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Page:Popular Science Monthly Volume 90.djvu/859

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Popular Science Monthly


��The submarine which will accompHsh this employs essentially the usual pro- pelling and diving apparatus found in sub- marines. Its hull is different, however. Nearly the entire bottom-half of the central portion of the boat is given over to the two storage holds. These holds are water- tight, but their bottoms can be opened to the sea. A central observation chamber between the holds also opens to the sea. A large-toothed driving-wheel is mounted at the bottom of this chamber, to help drive it along the ocean bottom. Com- pressed air is turned into the observation chamber to push thewaterout,and powerful electric lights are then turned on. The opera- tor stationed outside of the glass walls of this chamber can plainly see the bottom.

When an oyster bed is reached, the storage holds are quickly opened. Sea water rushes in. Large centrifugal pumps are started. They force great streams of the water out so that equal streams of water can be sucked in. The inrushing water carries the oysters along with it. Thousands of the oysters will pile against the wire screening which lines the storage holds in front of the water exits. The submarine thus cleans up the oyster bed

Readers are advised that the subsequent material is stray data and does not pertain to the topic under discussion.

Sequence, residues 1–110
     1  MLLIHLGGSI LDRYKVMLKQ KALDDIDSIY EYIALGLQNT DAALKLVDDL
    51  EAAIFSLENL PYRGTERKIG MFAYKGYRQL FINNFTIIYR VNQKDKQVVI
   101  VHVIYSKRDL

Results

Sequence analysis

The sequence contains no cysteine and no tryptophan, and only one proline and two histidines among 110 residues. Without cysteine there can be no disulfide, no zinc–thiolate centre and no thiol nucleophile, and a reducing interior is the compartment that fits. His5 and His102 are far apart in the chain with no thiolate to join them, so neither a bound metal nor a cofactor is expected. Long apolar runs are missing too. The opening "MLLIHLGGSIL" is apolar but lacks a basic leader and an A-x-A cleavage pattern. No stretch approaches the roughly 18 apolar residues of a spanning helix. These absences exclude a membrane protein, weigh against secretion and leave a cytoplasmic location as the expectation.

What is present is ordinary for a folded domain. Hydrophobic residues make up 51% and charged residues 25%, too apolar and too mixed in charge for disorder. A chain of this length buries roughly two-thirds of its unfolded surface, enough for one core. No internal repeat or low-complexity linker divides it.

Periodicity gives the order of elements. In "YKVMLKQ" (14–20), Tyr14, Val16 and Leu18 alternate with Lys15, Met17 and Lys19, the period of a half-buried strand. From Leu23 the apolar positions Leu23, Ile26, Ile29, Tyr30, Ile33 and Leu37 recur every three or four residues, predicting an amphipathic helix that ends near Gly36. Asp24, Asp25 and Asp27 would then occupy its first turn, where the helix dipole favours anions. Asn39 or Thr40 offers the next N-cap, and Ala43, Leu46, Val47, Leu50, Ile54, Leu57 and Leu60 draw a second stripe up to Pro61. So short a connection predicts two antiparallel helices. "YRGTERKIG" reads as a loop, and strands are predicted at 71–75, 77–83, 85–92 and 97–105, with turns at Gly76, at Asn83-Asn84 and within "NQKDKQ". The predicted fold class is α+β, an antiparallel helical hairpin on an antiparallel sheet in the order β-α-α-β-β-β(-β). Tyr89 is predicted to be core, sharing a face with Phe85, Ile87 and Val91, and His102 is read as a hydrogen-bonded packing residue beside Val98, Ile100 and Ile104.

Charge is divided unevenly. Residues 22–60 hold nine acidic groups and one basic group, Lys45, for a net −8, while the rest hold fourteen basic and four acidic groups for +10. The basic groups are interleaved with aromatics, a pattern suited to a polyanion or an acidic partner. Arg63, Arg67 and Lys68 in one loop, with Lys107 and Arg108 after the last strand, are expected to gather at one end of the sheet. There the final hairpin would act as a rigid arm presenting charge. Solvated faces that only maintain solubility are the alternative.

����Flexible tube tovQcuum cleaner


��A Flashlight Advertisement on the Cashier's Register

A FLASHLIGHT change holder makes an attractive and useful decoration for showcases or for use in connection with the cashier's register. When the change is depos- ited .in the holder by the cashier, the coin forms a contact, causing a sign to flash in to view. The adver- tisement may be a colored photograph, a drawing, a slogan, or any other thing desired. It comes to the buyer's attention in such a manner that he is bound to notice it, and generally when he is in an agreeable frame of mind.

���When the coin is deposited an electrical contact is made and the sign is flashed into view

��The spiral spray creates the vacuum which sucks up the dust

Attach This Hose to Your

Hydrant to Run Your

Vacuum Cleaner

VACUUM cleaner has been invented by Beecher W. Junk of Toledo, Ohio, which can be operated wherever there is a hydrant in your house. A pipe of the right diameter is screwed into the hydrant's mouth and runs down to the bottom of the sink. A spiral nozzle fits the pipe just below the mouth of the hydrant. An angu- lar pipe opens into the vertical pipe immediately below the nozzle and slopes up to connect with a rubber hose on the guiding rod.

To clean the room, you turn on the water and guide the rod over the carpet. After traversing the spiral nozzle, the water whirls around and passes the opening of the angular pipe, forcing out all the air near it. The vacuum so created starts the air flowing in the rubber hose.

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